I have recently been working on a fairly complex web application which has the requirement to function both online and off-line. For both off-line web pages and content, the HTML5 Manifest is the best way to go for off-line functionality. However, I quickly realized that maintaining a list of all individual content items for a complex website can become very cumbersome. To address this challenge, I have automated the process of creating the manifest file. However, the file is only generated when the website is running in DEBUG mode. Once the site has been published in release mode, this process only uses the last version of the Manifest file that was created. This enhances the performance of the published website while ensuring that the manifest is up to date with all your latest website content modifications when working in DEBUG mode. In addition, the process includes several features for including or excluding certain website content by both directory and file. Manifest versioning can also be handled manually or in automated fashion depending on your requirements.
For those of you who have never experienced making an ASP.NET or MVC application available off-line before, here are the basic steps:
1. Create A Manifest File
The Manifest file is mostly a text file containing a list of all the website content (i.e. pages, images, scripts etc…) which are required to make the website function off-line. Basically, everything contained in the Manifest will be cached on the user’s local computer so the website will function when it is not connected to the internet. My intent with this article is not to go into detail on how to manually create a Manifest file or spend a lot of time explaining each section of the Manifest file. Suffice it to say that itemizing every piece of content on your website can be very time consuming and error prone.
A Typical Manifest file might look something like this:
However, if you have 500 items of content in your website, your list would be 500 items long. I will propose an automated solution to this problem later in the article.
There are several ways to accomplish this. Two direct approaches are using C# in a Generic Handler or by adding a few lines to your web.config file that “declare” or add the mime-type. I chose the Generic Handler for this particular solution, because I was able to use the same Generic Handler to create an automated solution for generating and serving the Manifest file.
3. Add a reference to the Manifest on any web page that you would like to be available off-line.
The Manifest reference should be added to the <html> tag for all web pages that will be functional off-line. This was the easiest part of the process. My reference was created by pointing to the Generic Handler which is responsible for serving up the Manifest file. However, if you chose to add the Manifest mime-type to your web.config file, I believe you could also point directly at a text file which contained a valid Manifest as well. Here is what the <html> manifest tag looks like:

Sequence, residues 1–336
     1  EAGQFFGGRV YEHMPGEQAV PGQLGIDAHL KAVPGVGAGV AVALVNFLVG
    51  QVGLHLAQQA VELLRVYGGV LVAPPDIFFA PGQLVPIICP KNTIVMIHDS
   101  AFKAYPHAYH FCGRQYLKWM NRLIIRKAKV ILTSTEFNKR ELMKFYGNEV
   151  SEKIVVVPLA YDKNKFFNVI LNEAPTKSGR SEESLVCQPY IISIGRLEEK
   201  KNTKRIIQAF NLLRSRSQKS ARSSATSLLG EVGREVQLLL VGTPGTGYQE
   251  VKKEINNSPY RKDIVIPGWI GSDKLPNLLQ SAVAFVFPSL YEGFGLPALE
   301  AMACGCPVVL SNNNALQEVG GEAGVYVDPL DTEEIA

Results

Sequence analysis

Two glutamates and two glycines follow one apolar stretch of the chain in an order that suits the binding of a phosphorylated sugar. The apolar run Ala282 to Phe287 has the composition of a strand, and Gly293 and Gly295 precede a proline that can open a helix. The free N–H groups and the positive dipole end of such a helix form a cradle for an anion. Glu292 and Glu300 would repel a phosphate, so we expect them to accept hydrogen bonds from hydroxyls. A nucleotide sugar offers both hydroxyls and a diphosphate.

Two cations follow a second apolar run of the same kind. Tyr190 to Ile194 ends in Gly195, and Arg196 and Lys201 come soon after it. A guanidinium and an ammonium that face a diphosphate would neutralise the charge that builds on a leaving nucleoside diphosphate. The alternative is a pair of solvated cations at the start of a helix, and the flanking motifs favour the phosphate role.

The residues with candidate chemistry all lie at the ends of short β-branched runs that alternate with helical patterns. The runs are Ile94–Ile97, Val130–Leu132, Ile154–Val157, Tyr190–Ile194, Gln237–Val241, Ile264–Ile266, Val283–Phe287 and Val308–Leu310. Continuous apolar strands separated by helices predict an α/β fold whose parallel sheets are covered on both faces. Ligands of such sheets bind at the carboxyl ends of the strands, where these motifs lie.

Manifest.ashx above is the name of the Generic Handler I created in my ASP.NET project. (Right click on your visual studio project name, add new item, select Generic Handler from within the Web template list)
A Simple Solution for Automating Creation of the Manifest
The following solution automates the process of creating a Manifest file and keeping it up to date. It basically works like this:
1. Add an empty text file to your project named Manifest.txt
2. Add a Generic Handler to your project named Manifest.ashx
3. Add the <html manifest=”Manifest.ashx”> to each web page that you want to make available off-line. Once the above components have been added to your ASP.NET website, we can now begin to automate the process of managing the Manifest file.
Here’s How the rest of the Process Will Work:
- We will add code to the Manifest.ashx Generic Handler file that executes each time a web page is served with the <html manifest=”Manifest.ashx”> tag.
- The following property with the Manifest.ashx Generic Handler class will determine, if the web site is running in DEBUG or RELEASE mode.
public static bool IsDebug
bool debug = false;
debug = true;
debug = false;
- If the website is running in DEBUG mode, the program will go throughevery directory in the website and document each file / script / image /content item within the Manifest.txt file in the correct format.
- I have also added a few “bells and whistles” to this code so we can control Manifest versioning, include only certain directory folders, exclude specific files by name, or just get everything each time a Manifest.txt file is created.
- For optimal performance, I also made sure that when the web is in RELEASE mode (i.e. pushed out to your server in production for the world to see), the Generic Handler Manifest.ashx will only serve up the manifest currently located in the Manifest.txt text file. This serves two purposes.
- Some web hosting companies (such as GoDaddy basic accounts) will not allow programs to write to files located in the website’s directory
- There is no need to dynamically create the same Manifest file over and over again. Once the website is released, the manifest file should not change again until the next time the website is modified.
The Code for the Generic Handler Manifest.ashx is located here:
It is important to note that this project will not function optimally (or possibly at all), if you accidentally compile and publish your website in DEBUG mode and then deploy it to your web server. Be sure to publish your final results in Release mode, or the project will dynamically generate the site Manifest each time time an off-line page is accessed. This will typically slow down your website response times, and it may not work at all if your web hosting service does not give your programs write access to the website directory (this is typically the case with GoDaddy).